Like music, typefaces show the influence of a time in history, genera or current vogue. Again like music, some are fleeting, such as grunge fonts and disco music; while others, like rap and geometric sans, have become permanent parts of the artistic spectrum.
For the next couple of days, Fonts.com will be offering discounts on fonts from three of these genres in its Type Through the Eras program. Highlighted are a number of designs influenced by wood type, experimental typography and sign painting.
In the early part of the 19th century an American found a way to mass-produce fonts of wood type. (Previously, all wood type fonts were cut hand.) Because this coincided with the birth of the industrial revolution – and advertising – wood type founders became the precursors of modern digital type foundries. These early letter design companies busily put to work producing great quantities of decorative and unusual typefaces for the design community. Wood continued to be used to produce large decorative fonts, through the 19th, and well into the 20th century – when it was replaced by photo, and then digital technology.
Today, the first mass produced wooden letters are collector's items, marking the end of one era of creating fonts – and the beginning of another. Digital interpretations of wood type fonts like the King Wood™ and Railroad Gothic™ typefaces capture the warmth, personality and, at times, the quirkiness of their 19th century forbearers and will clearly brand projects with the touch of a time and place.
Those who make fonts have always experimented with the design of typefaces. Gutenberg was experimenting with ways to replicated the work of scribes, Baskerville experimented with designs that could only be printed on the finest paper and in 1816, William Caslon IV, the great, great grandson of the William Caslon that gave us the English serifed design, was experimenting with fonts and came up with the first sans serif typeface. More recently, experiments by Max Bill and Paul Renner in the early part of the 20th century pushed the typeface design envelope even further.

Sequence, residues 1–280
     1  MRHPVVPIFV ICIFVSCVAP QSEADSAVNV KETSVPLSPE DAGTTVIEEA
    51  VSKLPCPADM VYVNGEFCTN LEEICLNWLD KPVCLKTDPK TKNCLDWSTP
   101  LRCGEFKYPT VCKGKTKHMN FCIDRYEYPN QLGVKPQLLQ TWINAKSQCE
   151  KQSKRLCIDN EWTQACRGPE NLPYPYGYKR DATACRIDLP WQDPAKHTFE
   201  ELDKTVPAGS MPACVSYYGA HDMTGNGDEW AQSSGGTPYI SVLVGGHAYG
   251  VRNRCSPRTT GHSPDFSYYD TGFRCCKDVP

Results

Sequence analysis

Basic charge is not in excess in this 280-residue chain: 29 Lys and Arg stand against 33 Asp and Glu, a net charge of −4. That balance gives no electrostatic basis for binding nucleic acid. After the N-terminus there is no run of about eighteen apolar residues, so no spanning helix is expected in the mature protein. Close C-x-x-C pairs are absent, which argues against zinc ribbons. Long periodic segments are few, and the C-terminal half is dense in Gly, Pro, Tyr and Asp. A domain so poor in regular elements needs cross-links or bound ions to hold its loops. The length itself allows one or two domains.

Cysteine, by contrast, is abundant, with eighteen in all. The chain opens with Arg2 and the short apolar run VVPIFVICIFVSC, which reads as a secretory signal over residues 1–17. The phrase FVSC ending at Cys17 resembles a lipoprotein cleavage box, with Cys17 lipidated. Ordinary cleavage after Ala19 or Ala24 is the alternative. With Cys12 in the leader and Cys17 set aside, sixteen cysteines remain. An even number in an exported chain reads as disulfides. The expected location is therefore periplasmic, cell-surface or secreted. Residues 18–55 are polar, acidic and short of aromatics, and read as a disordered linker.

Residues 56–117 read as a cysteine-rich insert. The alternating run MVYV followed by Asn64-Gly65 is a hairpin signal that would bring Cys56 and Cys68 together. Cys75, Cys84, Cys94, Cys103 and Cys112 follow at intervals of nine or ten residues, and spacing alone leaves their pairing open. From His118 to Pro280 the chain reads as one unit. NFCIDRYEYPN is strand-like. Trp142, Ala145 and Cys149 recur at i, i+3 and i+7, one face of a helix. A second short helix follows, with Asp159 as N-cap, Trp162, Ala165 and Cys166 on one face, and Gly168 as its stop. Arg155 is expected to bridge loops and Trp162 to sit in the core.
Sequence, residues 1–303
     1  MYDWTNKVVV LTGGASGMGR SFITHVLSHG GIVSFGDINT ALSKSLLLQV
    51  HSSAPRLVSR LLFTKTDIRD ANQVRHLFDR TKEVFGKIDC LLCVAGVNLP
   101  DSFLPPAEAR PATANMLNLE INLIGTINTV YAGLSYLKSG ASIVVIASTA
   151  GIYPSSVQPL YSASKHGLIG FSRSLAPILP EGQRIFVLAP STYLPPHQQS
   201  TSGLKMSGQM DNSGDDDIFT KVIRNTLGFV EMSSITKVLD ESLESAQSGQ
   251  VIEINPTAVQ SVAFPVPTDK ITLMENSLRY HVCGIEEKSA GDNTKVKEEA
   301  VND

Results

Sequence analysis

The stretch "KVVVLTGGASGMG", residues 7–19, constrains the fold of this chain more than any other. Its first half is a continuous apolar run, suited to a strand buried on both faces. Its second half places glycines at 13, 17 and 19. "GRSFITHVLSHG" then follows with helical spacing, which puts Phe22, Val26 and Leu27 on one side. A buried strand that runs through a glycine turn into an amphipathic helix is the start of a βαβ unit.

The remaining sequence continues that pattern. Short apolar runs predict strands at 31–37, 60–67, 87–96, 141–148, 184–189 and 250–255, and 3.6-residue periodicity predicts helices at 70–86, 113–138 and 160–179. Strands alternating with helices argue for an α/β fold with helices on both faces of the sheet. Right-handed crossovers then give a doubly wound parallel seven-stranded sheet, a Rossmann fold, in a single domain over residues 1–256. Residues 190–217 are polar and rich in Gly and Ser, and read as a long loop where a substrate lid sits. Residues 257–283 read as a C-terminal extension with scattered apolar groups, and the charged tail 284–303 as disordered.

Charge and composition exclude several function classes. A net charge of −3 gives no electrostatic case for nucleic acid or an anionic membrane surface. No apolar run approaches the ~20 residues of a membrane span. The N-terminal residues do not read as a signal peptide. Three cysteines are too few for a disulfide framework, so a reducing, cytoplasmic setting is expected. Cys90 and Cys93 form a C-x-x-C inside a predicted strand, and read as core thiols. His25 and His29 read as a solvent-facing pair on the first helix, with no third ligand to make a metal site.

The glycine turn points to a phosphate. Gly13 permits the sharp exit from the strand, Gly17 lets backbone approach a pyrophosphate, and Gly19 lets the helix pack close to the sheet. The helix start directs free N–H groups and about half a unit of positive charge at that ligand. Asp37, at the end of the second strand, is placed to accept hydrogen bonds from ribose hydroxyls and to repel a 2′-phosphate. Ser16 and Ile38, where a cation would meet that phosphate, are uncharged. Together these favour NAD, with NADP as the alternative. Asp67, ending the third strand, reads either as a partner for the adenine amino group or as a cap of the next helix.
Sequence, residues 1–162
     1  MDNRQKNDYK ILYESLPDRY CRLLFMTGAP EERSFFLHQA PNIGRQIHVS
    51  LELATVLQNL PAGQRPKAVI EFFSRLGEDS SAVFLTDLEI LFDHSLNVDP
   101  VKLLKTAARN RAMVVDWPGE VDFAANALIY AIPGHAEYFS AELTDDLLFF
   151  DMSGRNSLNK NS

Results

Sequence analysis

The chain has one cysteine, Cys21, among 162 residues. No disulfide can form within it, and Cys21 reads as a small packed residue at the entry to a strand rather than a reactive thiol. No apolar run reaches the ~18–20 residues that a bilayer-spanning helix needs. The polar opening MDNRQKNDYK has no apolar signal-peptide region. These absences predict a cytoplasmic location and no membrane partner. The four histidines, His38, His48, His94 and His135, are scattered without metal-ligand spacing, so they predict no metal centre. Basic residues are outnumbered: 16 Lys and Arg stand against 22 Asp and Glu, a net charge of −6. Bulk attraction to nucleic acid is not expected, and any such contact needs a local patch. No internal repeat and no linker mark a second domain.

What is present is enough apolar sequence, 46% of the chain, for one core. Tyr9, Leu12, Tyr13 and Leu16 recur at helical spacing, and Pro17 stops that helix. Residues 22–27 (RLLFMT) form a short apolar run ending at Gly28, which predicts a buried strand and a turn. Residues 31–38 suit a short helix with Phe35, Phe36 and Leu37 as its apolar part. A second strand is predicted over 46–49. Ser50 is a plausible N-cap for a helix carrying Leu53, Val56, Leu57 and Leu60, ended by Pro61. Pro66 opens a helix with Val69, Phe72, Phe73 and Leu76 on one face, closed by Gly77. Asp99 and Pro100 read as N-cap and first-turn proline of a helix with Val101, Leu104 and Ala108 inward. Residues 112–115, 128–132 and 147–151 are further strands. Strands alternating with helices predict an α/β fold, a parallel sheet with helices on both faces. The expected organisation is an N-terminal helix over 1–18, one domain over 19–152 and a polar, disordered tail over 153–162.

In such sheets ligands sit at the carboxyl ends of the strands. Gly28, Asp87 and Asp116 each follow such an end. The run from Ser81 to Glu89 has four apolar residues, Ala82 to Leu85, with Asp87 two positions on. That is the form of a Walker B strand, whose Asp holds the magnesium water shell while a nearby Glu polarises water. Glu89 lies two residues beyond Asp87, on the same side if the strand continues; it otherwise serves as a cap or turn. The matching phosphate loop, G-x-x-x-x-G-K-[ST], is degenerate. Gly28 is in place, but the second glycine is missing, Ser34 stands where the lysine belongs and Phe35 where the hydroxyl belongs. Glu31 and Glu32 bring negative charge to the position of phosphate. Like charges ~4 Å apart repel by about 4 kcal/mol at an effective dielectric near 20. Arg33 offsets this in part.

Digital renditions of these designs – and new experiments – include the Architype Bayer-type™, Buxom™ and Shatter™ typefaces.
Some 21st century observers had predicted that sign painting would go the way of 8-track tapes and cargo pants – that software, adhesive vinyl sheets and digital plotters would be the death knell to painting signs by hand. Indeed, up until recently, the future of hand painted signs looked bleak. The old – and possibly final – generation of sign painters was retiring, or passing on. Vinyl sign shops were cropping up like dandelions in suburban lawns.
Within the last few years, however, this downward spiral has reversed direction. Vinyl sign shops continue to thrive, but a vibrant new community of sign painters is sprouting. They are young. They help each other learn the craft – and their work is driving a demand for hand painted signs.
But not everyone can afford hand painted lettering and not every project calls for letters drawn with a brush or pen. This is where "sign painting" and "hand lettering" fonts come in. They replicate the craft, but at a much more affordable price. Some, that take advantage of the OpenType® font format, can produce surprisingly convincing results. The Spills™ typeface is a sendup to sign painting of the last century and the Workhorse™ design can capture the feeling of letters painted on a rough surface. There are more. Have a look.